"I've had the privilege of meeting Madiba and speaking to him. And he's a personal hero, but I don't think I'm unique in that regard," Obama said on Thursday. "If and when he passes from this place, one thing I think we'll all know is that his legacy is one that will linger on throughout the ages."
The president arrives in South Africa Friday evening and has no public events scheduled. He could go to the hospital then.
Obama is scheduled to visit Robben Island, where Mandela spent years in prison, later during his trip.
On Friday morning, Obama will take part in a "Feed the Future" event on food security. That issue, along with anti-corruption measures and trade opportunities for U.S. companies, are topics the White House wants to highlight on Obama's tour.
Obama, who has been in office since 2009, has only visited Africa once in his presidential tenure: a short trip to Ghana at the beginning of his first term.
While acknowledging that Obama has not spent as much time in Africa as people hoped, the administration is eager to highlight what it has done, in part to end unflattering comparisons to accomplishments of predecessors George W. Bush and Bill Clinton.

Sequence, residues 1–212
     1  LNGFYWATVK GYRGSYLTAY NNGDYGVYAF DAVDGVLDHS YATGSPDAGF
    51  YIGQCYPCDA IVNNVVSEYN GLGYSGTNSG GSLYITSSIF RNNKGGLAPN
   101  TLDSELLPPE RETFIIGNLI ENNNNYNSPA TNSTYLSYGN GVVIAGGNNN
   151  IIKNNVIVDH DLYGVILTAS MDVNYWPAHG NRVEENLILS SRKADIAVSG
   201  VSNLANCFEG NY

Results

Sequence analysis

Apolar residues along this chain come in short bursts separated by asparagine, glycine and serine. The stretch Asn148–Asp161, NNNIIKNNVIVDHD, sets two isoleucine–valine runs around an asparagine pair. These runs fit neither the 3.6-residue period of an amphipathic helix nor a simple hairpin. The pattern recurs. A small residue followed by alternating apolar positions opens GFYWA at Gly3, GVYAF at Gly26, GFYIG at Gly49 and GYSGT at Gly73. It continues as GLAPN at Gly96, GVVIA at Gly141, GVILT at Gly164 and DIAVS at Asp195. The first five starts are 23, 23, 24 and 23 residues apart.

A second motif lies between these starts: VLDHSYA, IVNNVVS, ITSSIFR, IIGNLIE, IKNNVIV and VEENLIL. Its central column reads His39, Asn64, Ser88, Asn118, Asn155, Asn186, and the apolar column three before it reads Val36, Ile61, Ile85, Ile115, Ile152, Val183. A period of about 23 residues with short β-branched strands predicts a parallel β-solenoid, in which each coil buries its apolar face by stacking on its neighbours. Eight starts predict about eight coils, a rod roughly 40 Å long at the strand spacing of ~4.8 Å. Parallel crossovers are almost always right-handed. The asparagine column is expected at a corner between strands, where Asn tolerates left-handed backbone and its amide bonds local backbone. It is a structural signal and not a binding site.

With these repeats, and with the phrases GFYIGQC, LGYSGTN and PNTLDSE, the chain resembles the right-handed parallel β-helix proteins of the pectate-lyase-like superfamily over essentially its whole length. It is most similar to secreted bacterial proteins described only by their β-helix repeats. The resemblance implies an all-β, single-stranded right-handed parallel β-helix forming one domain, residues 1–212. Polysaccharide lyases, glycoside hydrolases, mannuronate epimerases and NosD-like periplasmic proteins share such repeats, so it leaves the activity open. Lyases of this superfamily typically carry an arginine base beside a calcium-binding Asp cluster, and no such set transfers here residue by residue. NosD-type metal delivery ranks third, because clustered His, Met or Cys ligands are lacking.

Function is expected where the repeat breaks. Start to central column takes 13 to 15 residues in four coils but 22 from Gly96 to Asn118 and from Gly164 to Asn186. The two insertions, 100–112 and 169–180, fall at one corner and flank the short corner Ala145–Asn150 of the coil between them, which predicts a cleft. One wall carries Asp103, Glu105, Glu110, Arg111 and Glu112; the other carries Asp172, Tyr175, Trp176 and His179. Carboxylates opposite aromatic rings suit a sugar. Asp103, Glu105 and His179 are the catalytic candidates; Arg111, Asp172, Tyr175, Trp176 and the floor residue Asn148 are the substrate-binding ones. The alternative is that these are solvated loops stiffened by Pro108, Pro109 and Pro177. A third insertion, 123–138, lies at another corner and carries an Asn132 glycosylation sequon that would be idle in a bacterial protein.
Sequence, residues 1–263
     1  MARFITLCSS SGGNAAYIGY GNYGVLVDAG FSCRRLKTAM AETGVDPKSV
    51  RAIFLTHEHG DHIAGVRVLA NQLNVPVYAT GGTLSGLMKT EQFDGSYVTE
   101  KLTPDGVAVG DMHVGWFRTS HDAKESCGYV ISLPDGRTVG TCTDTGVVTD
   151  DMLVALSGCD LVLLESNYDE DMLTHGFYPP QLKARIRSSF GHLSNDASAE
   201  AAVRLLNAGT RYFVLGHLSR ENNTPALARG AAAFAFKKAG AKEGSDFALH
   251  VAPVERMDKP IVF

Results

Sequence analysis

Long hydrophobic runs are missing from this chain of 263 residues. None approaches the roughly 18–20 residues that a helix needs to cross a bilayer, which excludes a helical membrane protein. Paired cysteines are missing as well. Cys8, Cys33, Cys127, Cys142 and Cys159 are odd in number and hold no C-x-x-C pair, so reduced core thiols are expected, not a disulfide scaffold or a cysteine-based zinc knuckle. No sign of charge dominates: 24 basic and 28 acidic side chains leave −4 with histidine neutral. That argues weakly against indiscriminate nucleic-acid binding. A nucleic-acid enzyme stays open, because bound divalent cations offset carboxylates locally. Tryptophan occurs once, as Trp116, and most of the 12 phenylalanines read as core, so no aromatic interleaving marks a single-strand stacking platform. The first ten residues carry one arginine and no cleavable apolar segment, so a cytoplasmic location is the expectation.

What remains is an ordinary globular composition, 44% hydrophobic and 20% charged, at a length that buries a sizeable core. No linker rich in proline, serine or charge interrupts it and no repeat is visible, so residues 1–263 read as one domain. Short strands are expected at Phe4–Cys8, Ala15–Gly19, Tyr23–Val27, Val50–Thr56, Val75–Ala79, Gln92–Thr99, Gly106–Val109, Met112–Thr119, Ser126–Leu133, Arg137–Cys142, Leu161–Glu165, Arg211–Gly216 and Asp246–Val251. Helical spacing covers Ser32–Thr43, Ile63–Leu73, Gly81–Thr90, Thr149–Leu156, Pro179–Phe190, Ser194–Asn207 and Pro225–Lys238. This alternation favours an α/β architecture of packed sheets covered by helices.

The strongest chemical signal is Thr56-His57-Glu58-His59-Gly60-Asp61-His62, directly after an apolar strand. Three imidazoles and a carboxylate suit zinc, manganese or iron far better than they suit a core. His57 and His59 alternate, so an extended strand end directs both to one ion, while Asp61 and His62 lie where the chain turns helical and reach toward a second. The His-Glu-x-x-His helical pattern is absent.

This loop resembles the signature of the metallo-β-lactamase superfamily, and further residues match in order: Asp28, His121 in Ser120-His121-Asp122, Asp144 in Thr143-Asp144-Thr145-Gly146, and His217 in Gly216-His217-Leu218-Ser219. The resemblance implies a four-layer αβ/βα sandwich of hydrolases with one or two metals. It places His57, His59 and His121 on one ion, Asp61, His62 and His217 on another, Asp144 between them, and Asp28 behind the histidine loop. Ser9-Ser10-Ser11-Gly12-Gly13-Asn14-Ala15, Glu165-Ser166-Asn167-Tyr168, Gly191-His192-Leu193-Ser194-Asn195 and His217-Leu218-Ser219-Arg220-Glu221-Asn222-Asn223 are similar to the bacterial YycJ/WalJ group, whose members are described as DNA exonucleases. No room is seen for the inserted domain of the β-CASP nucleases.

Food security and public aid are two of the issues the Obama team believes are success stories.
"Africa has seen a steady and consistent increase in our overall resource investment each year that we've been in office," said Raj Shah, head of USAID. "And sustaining that in this political climate has required real trade-offs to be made in other areas, but we've done that."
(Editing by Daniel Flynn and Stacey Joyce)
Copyright © 2013 Reuters
Posted: 27 Jun 2013 06:25 PM PDT
MEXICO CITY (Reuters) - The dead body of a top leader of Mexico's Party of the Democratic Revolution (PRD) for southern Oaxaca state was found on Thursday and police are investigating his death as a homicide, the state attorney general's office said.
Nicolas Estrada, president of the PRD's state council in Oaxaca, one of the leftist party's strongholds, likely died several days before his body was found, officials said.
The attorney general's office said that Estrada, 32, was reported missing since June 15, and his body was found in the town of Tuxtepec, Oaxaca, with three gunshot wounds to the head.
Oaxaca state is currently governed by the PRD, and local elections next month pit the ruling Institutional Revolutionary Party, or PRI, of President Enrique Pena Nieto against a coalition made up of the PRD and the conservative National Action Party, or PAN.
Shortly after taking office in December, Pena Nieto forged the so-called "Pact for Mexico," signed by the government and the country's three major political parties to push through reforms.
Jesus Zambrano, the PRD's national president, offered his condolences to Estrada's family in a post on his Twitter account.
"We demand justice!" he added.
Pena Nieto has vowed to quell the lawlessness and killing that have stained Mexico's image as a tourist destination and rattled investors.
An estimated 70,000 people have been killed in drug-related violence in Mexico over the past seven years.
(Reporting by David Alire Garcia; Editing by Lisa Shumaker)
Copyright © 2013 Reuters